Can’t afford to do a Masters? Can’t afford not to?

Fund your postgraduate or professional course with

The sun is swiftly setting on your time at uni. Dissertation handed in, exams flying by and the big, bad world sprawls ahead of you.

It’s the time of year when many students think, “I’m not ready to leave yet.” And it turns out, many employers aren’t ready for you to leave either. In a competitive marketplace, some seven in 10 firms screen for a Masters or professional qualification in recruitment.

But many students rule out starting a course because they lack finance. Postgraduate and professional courses cost thousands of pounds – with the fees due before your career starts and your pay packet has had the benefit of your extra qualifications.

That is the problem is now solving for graduates. The social enterprise is providing loans for postgraduate and professional courses and allowing students to overcome the upfront costs by paying back over time.

StudentFunder's team presses the button on another student loan

StudentFunder’s team presses the button on another student loan

“There is a broken bridge between undergraduate courses covered by the Student Loans Company and the Masters level qualifications many young (and not so young) people need to reach their dream career. is making the money work harder and filling an acute funding gap,” says Juan Guerra, StudentFunder’s Founder and CEO

“This doesn’t just help the student, it’s a fundamental part of the knowledge economy and an engine for social mobility.”

Government economists estimate postgraduates benefit from an on average 10 percent uplift in annual earnings compared to undergraduates. With such a premium on high-flying jobs gained only through advanced studies, StudentFunder sees both a business opportunity and an urgent need to help those who cannot call on the Bank of Mum and Dad before the summer’s out.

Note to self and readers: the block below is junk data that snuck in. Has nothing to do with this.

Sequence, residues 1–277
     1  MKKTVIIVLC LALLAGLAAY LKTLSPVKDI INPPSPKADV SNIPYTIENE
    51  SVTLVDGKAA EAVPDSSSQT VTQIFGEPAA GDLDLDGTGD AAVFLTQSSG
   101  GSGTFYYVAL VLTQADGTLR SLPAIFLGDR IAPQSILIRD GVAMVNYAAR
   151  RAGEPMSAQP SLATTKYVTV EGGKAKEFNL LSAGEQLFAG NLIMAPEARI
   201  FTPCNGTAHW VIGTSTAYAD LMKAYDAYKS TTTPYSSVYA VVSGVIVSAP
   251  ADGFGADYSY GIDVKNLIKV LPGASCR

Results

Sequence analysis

After a decade of expansion in postgraduate enrolment, applications from home students for Masters courses have fallen 12 percent in the past three years. While there has been a recent increase in philanthropic giving to universities, scholarships are not sufficient to make up for the general tightening in higher education funding.

Since the financial crunch, a number of high-street banks have withdrawn postgraduate loan schemes. Only 2 percent of Masters students now receive the Professional & Career Development Loan offered by two high street banks and subsidised by the government’s Skills Funding Agency.

“The standard offer is painful for students and often painful for big banks too. Lending small sums to lots of students requires plenty of administration. Banks using old IT systems find it manual and expensive,” Guerra states matter-of-factly.

While stopping short of asking The Tab to sympathise with hurt bank managers coming to terms with students’ devastating complaint letters, Guerra offers his solution: “StudentFunder has the benefit of new technology. We’re smaller, nimbler and dedicated to students aiming for postgraduate and professional qualifications”.

Working in partnership with schools and universities and with support from philanthropic foundations, private investors and alumni groups, StudentFunder is now lending to qualifying students for this September’s intake.

Initially funds will target students doing career-focused courses and the typical annual interest rate will be 7 percent.

“It’s time for a low-hassle and student-friendly solution, an inclusive alternative to the Professional & Career Development Loan,” Guerra declares, pointing to StudentFunder’s potential to provide credit to overseas students and students without guarantors or credit histories.

Fund your masters screen

Young people who lack a sufficient credit score can demonstrate their creditworthiness by meeting a personal fundraising target on StudentFunder’s crowdfunding platform. After a successful campaign, students can apply for a top-up loan for the remainder.

All loans are organised so that repayments begin up to six months after graduation. As loans are repaid, they can be used to fund the next generation of students needing finance.
StudentFunder‘s Guerra, a Mexican who crowdfunded, busked and sold possessions to study in Germany and at Cranfield School of Management notes, “it is ironic how you often see a queue of graduands in robes and mortar boards queuing up to pay their two quid library fine before the university will let them graduate. That is a high-class problem.

“What you don’t see are the thousands of students who could not enrol in the first place because the finance was not there for them. We need to level the playing-field with a sustainable and fair model.”

Find out more and apply on